The Utterly Ridiculous Lawsuit Involving Texas Pete Hot Sauce

The parent company of Texas Pete Hot Sauce, T.W. Garner, has become embroiled in a lawsuit due to one man being upset over the fact that the sauce is made in North Carolina and not Texas.

By Jennifer Hollohan | Published

Frivolous lawsuits are nothing new. Many major corporations have dealt with upset customers who took their complaints too far. And now, Texas Pete Hot Sauce received news that it is their turn.

Phillip White, a California man, was so smitten with the labeling on the Texas Pete Hot Sauce bottles that he decided to give it a go. He purchased a bottle at Ralph’s supermarket for $3. When he discovered that the hot sauce is not actually produced in Texas, he decided to sue.

And his target is Winston-Salem’s T.W. Garner Food Company, which has owned Texas Pete Hot Sauce since its incorporation in 1946. However, his lawsuit is not merely for his gain. Instead, he filed a class-action lawsuit against T.W. Garner.

According to Food&Wine Magazine, one accusation is that the company concocted “this false marketing and labeling scheme specifically because it knows the state of Texas enjoys a certain mysticism and appeal […] and is known for its quality cuisine, spicy food, and hot sauce in particular.” White is seeking a complete overhaul of the name, labels, and branding. He also seeks monetary damages.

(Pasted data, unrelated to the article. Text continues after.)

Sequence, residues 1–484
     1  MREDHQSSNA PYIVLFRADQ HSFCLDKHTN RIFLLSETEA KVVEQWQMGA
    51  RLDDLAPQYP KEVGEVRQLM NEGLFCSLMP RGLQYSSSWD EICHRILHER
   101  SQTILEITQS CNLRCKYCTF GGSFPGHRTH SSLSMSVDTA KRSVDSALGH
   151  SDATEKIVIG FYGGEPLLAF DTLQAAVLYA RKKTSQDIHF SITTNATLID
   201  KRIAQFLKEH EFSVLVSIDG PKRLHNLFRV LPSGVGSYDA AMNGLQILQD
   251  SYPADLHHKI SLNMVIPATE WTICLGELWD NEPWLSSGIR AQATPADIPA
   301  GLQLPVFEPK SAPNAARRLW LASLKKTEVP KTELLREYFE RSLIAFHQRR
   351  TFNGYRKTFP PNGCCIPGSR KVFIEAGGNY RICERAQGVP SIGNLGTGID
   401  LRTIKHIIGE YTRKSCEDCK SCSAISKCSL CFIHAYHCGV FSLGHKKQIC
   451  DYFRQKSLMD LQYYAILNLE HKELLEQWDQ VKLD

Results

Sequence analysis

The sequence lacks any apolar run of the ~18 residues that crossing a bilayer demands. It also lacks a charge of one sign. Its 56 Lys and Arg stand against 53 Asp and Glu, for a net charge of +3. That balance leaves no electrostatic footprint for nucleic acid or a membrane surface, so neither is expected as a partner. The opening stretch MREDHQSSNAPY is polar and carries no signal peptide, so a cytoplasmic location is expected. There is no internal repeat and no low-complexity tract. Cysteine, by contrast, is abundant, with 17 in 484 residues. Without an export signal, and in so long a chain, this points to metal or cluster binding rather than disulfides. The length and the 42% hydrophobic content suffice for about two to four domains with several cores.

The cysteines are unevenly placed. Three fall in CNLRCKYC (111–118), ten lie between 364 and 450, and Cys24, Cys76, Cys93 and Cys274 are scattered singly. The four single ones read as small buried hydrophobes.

Additionally, White claims that Texas Pete Hot Sauce “cheated its way to a market-leading position in the $3 billion-dollar hot-sauce industry at the expense of law-abiding competitors.” He believes that most customers mistakenly thought the hot sauce comes from Texas. But is that truly the case?

texas pete hot sauce

Unfortunately for White, that assumption likely won’t pan out. The legendary hot sauce has never hidden its origins. And does not claim to be from Texas.

On its own website, the origins of Texas Pete trace back to a North Carolina family. Sam and Ila Jane Garner’s son owned a restaurant that struggled mightily during the Great Depression. While the family did their best to keep it afloat, the restaurant eventually shut down.

However, they had a homemade barbeque sauce that people still sought out. They decided to kick up the spice factor in 1929 and developed a second version. Of course, that next iteration needed a catchy name.

So, Sam Garner and his three sons put their heads together. One of the sons was named Harold, but his nickname was Pete. They settled on that for part of the name.

But for the rest, they wanted something that truly captured a sense of Americana. At the time, Hollywood cowboys were extremely popular. And what area often gets associated with the quintessential cowboy?

Yup, Texas. They added an image of a cowboy holding a lasso on the label. And the rest is history. 

That is until White filed his lawsuit. Fans of the long-adored hot sauce are unhappy with the news. But they will have to wait a while to learn the outcome. 

T.W. Garner must submit its response by November 10. According to a company spokesperson, they “…are currently investigating these assertions with our legal counsel to find the clearest and most effective way to respond.” So now, we await news of what the next steps will be.